As much as we appreciate the Challenger’s performance and handling, what delivers the mail in this segment is style, sound and comfort. The Challenger’s snout-forward, wide-mouth fairing was clearly inspired by the Road Glide’s sharknose fairing — both even have closable vents on either side of the headlight that bring fresh air into the cockpit — but the Indian sets itself apart with LED running lights/turn signals that bracket the headlight, an electrically adjustable windscreen with a 3-inch range and a dashboard that’s much closer to the rider. The Challenger offers good wind protection, a supportive seat with a high rear bolster, rubber-mounted footboards and enormous top-loading saddlebags with remote locking (total storage capacity, including two small fairing pockets, is 18 gallons, or 68 liters).

2020 Indian Challenger Limited
The Indian Challenger’s design was clearly inspired by its counterpart with a frame-mounted fairing, the Harley-Davidson Road Glide. Which is the better bagger?

There are three versions of the Challenger. Standard equipment on the base model ($21,999), which is available in Titanium Metallic only, includes ABS, keyless ignition with remote saddlebag locks and the Ride Command infotainment system with a 7-inch customizable color touchscreen and a 100-watt audio system. The Challenger Dark Horse ($27,499-$28,249), which is available in several matte colors with blacked-out finishes, adds Smart Lean Technology, navigation, a customizable route builder, connected weather and traffic services and contrast-cut wheels with tire-pressure monitoring. The Challenger Limited ($27,999-$28,749) we tested is available in several metallic colors and adds color-matched fender closeouts and highway bars.

2020 Indian Challenger Limited
The cockpit of the 2020 Indian Challenger Limited includes a pair of analog gauges (speedo and tach) with inset digital displays and a 7-inch color touchscreen for the Ride Command infotainment system with 100-watt audio. Keyless ignition is standard, and the fob can be used to remotely lock/unlock the saddlebags. A small button under the right speaker unlocks the fuel cap.

Even though the larger air-cooled Thunder Stroke 116 was also introduced for 2020, satisfying customer demands for more torque while also edging out Harley’s Milwaukee-Eight 114 by a couple of cubic inches, the PowerPlus 108 is the engine that will take Indian’s heavyweight models into the future. It offers the performance, comfort and lower emissions that only liquid cooling can provide, and in the Challenger it delivers impressive grunt and smoothness without giving up the rumbling character that makes a V-twin the most popular type of engine among American motorcyclists. That plus muscular, modern style, an excellent chassis, a full range of available technology, generous wind protection and luggage capacity and plenty of long-haul comfort make the Challenger one heckuva bagger. We look forward to seeing how it stacks up against the competition.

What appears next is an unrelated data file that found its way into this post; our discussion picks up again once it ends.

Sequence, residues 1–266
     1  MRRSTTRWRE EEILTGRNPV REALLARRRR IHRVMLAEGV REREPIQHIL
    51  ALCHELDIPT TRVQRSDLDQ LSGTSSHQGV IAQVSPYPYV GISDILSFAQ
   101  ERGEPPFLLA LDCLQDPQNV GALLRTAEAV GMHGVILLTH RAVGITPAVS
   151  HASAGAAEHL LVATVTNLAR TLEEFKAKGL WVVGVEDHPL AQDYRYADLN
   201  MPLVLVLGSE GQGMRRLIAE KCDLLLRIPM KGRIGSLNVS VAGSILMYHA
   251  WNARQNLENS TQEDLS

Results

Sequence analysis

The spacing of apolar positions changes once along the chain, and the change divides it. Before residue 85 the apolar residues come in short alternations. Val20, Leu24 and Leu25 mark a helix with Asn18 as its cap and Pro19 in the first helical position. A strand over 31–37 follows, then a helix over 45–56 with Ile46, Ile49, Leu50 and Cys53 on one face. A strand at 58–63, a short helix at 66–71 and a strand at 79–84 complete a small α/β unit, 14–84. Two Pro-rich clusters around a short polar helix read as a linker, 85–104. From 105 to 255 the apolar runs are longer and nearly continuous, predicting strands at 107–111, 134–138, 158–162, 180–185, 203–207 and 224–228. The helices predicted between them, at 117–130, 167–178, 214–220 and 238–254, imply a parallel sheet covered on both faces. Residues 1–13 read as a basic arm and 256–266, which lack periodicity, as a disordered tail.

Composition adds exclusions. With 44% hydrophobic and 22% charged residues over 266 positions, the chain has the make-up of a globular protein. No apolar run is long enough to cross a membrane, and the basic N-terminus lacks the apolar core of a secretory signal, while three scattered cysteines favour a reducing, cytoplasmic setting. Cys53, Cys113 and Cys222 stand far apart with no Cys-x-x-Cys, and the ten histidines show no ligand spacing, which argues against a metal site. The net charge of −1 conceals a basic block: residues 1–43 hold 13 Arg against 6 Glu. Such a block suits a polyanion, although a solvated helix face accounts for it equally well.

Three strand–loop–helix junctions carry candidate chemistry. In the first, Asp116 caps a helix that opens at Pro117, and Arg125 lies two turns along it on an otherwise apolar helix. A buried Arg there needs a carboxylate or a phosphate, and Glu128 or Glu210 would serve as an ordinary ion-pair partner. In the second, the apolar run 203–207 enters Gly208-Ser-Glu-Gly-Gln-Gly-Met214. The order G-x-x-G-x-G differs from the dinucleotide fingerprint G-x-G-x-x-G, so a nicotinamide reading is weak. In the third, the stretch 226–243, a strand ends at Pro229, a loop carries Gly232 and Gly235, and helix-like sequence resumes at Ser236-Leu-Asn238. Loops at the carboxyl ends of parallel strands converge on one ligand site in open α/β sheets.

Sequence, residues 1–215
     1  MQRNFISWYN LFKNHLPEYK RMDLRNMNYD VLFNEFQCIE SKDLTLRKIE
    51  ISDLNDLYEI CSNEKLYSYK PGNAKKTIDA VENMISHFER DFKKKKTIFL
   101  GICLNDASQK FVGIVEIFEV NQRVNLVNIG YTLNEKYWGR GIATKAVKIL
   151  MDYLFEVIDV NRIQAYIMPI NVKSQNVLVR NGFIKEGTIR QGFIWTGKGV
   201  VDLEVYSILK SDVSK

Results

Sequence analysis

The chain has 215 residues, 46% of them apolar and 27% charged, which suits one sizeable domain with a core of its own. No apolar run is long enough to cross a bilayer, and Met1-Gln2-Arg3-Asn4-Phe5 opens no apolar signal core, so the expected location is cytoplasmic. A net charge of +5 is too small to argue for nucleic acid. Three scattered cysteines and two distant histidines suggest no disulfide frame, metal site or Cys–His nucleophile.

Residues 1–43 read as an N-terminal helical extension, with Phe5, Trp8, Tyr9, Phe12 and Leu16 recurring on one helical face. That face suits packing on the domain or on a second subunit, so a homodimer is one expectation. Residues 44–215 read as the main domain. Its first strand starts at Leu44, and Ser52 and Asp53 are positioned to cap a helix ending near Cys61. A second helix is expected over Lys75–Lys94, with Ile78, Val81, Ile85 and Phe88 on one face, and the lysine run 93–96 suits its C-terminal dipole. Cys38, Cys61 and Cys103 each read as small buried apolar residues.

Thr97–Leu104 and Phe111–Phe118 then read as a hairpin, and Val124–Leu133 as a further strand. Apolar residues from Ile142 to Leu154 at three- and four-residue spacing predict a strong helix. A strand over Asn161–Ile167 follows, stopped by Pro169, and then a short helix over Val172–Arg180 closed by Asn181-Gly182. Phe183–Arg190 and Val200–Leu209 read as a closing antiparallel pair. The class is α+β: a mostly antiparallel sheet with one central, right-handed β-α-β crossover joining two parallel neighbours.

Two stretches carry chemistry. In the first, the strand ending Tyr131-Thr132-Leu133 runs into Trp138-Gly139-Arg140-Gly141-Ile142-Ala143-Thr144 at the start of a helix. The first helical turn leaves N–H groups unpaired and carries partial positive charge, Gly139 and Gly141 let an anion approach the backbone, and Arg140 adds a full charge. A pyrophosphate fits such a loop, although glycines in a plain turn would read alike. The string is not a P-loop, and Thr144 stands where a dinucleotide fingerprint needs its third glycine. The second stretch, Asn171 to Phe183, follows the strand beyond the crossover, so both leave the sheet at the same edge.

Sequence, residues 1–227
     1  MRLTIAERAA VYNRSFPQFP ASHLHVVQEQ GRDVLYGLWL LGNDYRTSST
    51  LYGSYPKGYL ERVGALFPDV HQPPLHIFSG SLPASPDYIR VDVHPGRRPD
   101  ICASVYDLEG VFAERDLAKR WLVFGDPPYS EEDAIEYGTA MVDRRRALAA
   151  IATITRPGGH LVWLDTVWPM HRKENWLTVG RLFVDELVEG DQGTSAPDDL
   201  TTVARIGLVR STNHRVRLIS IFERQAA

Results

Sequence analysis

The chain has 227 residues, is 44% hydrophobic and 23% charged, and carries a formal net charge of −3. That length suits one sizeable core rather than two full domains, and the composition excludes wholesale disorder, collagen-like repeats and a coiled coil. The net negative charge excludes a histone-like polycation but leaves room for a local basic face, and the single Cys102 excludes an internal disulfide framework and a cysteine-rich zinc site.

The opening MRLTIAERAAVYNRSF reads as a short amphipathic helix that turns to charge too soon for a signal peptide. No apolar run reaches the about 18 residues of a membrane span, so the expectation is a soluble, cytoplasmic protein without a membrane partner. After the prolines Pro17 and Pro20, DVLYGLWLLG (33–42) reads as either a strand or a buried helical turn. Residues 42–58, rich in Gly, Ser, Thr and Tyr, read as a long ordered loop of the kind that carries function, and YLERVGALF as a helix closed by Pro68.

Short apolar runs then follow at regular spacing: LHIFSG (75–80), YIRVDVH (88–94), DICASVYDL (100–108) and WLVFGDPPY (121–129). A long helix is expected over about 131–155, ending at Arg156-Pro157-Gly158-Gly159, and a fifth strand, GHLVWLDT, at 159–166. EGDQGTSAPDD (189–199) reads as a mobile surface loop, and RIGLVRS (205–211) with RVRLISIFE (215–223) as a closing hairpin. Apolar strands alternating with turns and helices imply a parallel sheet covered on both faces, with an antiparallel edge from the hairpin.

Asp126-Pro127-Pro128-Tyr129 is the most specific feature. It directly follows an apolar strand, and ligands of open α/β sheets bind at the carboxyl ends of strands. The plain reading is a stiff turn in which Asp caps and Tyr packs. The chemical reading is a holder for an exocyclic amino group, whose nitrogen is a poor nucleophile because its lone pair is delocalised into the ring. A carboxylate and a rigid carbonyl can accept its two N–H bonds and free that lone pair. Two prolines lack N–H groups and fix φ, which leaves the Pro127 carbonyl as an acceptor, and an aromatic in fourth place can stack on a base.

Check out Rider’s 2020 Guide to New Street Motorcycles

2020 Indian Challenger Limited
Cruising along a scenic stretch of California’s Highway 1 on the 2020 Indian Challenger Limited.

2020 Indian Challenger Limited Specs

Base Price: $27,999
Price as Tested: $28,749 (Ruby Metallic color)
Warranty: 1 yr., unltd. miles
Website: indianmotorcycle.com

Engine

Type: Liquid-cooled, transverse 60-degree V-twin
Displacement: 1,768cc (108ci)
Bore x Stroke: 108.0 x 96.5mm
Compression Ratio: 11.0:1
Valve Train: SOHC, 4 valves per cyl.
Valve Insp. Interval: NA (self-adjusting)
Fuel Delivery: EFI, 52mm dual bore throttle body x 2
Lubrication System: Semi-wet sump, 5-qt. cap.
Transmission: 6-speed, cable-actuated wet assist clutch
Final Drive: Belt

Electrical

Ignition: Electronic
Charging Output: 803 watts max.
Battery: 12V 18AH

Chassis

Frame: Modular cast aluminum w/ engine as stressed member & cast aluminum swingarm
Wheelbase: 65.7 in.
Rake/Trail: 25 degrees/5.9 in.
Seat Height: 26.5 in.
Suspension, Front: 43mm USD fork, no adj., 5.1-in. travel
Rear: Single shock, remote adj. for spring preload, 4.5-in. travel
Brakes, Front: Dual 320mm floating discs w/ opposed 4-piston radial monoblock calipers & ABS
Rear: Single 298mm floating disc w/ 2-piston pin-slide caliper & ABS
Wheels, Front: Cast, 3.50 x 19 in.
Rear: Cast, 5.00 x 16 in.
Tires, Front: 130/60-B19
Rear: 180/60-R16
Wet Weight: 848 lbs.
Load Capacity: 537 lbs.
GVWR: 1,385 lbs.

Performance